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IBD/TIPP Consumer Confidence Rose in August Income Investors 2016-08-10 11:19:03 Consumer Confidence Economic Optimism Index The IBD/TIPP Economic Optimism Index rose 2.9 points to 48.4 in August. Economy,News

IBD/TIPP Consumer Confidence Rose in August



Economic Optimism Index at 48.4


New York, NY — There are several measures for consumer confidence in the U.S. This time, it’s the Economic Optimism Index released by the TechnoMetrica Institute of Policy and Politics (TIPP).

On Tuesday, August 9, the TIPP reported that the IBD/TIPP Economic Optimism Index had a reading of 48.4 in August. This represents a 2.9-point increase from July’s reading of 45.5. (Source: “U.S. Consumer Confidence Brightens in August,” TIPP Online, August 9, 2016.)

The Economic Optimism Index is based on a monthly survey where near to 1,000 adults nationwide evaluate their economic outlook for the next six months, personal finance perspectives, and their confidence in federal economics policies. The index has a good track record of foreshadowing the consumer confidence indicators put out later each month by the University of Michigan and The Conference Board.

The reading of the Economic Optimism Index in August was also 1.6 points above its 12-month average and four points above its reading of 44.4 in December 2007, when the U.S. economy entered a major downturn.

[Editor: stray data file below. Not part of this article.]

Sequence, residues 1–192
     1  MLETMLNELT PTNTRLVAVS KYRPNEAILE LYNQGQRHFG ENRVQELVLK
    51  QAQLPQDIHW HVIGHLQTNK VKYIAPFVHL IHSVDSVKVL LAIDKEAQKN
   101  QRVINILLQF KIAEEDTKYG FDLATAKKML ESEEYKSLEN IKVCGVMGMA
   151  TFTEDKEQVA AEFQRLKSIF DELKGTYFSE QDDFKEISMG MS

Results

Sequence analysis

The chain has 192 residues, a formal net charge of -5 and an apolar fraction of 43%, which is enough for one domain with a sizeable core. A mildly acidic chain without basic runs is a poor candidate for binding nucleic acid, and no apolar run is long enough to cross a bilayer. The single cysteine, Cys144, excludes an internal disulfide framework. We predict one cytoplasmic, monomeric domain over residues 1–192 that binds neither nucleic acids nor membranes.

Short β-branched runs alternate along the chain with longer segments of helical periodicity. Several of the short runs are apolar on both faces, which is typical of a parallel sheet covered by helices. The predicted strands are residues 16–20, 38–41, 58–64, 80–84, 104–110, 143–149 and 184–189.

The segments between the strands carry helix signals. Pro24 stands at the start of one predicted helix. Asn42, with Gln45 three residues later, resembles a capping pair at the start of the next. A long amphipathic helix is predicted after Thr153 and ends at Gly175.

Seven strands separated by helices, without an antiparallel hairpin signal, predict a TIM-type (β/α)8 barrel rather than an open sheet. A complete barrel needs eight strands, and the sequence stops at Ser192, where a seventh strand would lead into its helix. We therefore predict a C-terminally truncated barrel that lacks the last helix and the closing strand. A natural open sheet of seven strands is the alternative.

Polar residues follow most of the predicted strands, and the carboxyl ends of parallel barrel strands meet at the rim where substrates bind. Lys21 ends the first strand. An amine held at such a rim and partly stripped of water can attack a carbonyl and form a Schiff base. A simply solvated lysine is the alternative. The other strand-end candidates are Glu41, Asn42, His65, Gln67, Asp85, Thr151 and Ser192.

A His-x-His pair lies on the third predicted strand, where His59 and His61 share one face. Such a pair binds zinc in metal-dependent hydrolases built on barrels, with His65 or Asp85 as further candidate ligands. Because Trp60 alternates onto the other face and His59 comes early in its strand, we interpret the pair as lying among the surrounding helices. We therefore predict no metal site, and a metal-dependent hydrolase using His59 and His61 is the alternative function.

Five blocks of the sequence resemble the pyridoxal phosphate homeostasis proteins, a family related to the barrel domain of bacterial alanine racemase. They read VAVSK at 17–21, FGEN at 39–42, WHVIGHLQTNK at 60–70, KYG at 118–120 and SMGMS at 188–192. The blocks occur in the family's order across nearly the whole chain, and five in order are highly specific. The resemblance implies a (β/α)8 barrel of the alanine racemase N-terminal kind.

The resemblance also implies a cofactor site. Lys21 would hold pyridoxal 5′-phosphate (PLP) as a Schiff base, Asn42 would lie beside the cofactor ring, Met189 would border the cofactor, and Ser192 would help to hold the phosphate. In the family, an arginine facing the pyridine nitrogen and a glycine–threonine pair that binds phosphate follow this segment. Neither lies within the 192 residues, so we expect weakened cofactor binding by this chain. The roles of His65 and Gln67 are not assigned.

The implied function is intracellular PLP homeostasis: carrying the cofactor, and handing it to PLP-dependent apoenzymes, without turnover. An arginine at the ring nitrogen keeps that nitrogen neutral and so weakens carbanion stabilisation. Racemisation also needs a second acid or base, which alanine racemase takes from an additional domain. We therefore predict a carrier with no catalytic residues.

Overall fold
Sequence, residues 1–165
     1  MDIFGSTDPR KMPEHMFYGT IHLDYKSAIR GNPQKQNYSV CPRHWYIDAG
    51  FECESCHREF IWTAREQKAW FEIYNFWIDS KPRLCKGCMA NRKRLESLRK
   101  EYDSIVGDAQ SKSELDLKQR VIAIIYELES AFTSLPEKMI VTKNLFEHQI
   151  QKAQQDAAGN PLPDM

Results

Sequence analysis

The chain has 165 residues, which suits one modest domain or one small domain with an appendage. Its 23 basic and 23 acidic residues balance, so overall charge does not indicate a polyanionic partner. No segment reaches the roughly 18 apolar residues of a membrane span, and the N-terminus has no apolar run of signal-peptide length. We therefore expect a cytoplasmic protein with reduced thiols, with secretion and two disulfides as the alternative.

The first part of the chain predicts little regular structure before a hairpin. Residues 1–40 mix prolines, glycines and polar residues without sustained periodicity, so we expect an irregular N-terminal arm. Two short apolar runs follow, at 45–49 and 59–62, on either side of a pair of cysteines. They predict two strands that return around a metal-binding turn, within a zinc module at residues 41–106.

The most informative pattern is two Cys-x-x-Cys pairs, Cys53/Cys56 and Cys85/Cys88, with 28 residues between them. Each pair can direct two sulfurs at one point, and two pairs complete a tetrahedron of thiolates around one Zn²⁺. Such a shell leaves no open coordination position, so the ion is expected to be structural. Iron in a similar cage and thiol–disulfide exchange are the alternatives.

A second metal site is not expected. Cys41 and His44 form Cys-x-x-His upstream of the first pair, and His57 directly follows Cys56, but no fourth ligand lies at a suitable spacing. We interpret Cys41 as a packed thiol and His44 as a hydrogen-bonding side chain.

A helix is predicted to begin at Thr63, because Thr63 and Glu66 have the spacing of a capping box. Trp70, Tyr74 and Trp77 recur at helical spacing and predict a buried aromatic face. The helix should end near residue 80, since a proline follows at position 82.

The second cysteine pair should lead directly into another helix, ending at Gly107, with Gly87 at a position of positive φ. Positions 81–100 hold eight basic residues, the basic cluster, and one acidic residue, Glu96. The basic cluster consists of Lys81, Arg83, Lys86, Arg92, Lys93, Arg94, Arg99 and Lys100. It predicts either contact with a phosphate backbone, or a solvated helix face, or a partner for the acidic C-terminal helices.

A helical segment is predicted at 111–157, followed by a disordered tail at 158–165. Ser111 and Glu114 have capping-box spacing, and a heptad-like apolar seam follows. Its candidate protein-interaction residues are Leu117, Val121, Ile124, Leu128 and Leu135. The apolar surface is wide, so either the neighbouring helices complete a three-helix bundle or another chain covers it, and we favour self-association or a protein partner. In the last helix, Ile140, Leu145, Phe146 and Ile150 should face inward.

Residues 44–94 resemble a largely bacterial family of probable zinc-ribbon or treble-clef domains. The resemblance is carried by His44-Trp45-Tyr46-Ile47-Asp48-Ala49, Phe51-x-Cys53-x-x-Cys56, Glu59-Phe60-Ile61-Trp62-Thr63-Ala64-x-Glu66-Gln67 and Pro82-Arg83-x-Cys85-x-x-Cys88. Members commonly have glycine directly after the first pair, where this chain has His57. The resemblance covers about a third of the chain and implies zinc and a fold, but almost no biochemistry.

But note that readings above 50 indicate optimism, while those below 50 indicate pessimism. So despite solid improvement month-over-month, the overall optimism index still falls into the pessimistic category.

In particular, consumers’ confidence in federal economic policies slipped 0.2 points to 42.5. Meanwhile, their six-month economic outlook climbed eight points to 44.7, while their personal financial outlook gained 0.8 points to 58.0.

“Americans’ economic confidence sprung back from last month’s extreme gloomy view driven by concerns about global economy in the aftermath of Brexit,” said Raghavan Mayur, president of TechnoMetrica.

“While the economic recovery entered its seventh year in June, confidence continues to be wobbly at best as reflected in persisting pessimism levels in our index for sixteen months in a row.  Forty-eight percent think the economy is not improving while 49% think it is improving.  While 59% say that we are not in a recession, 37% believe we are in one.” (Source: Ibid.)

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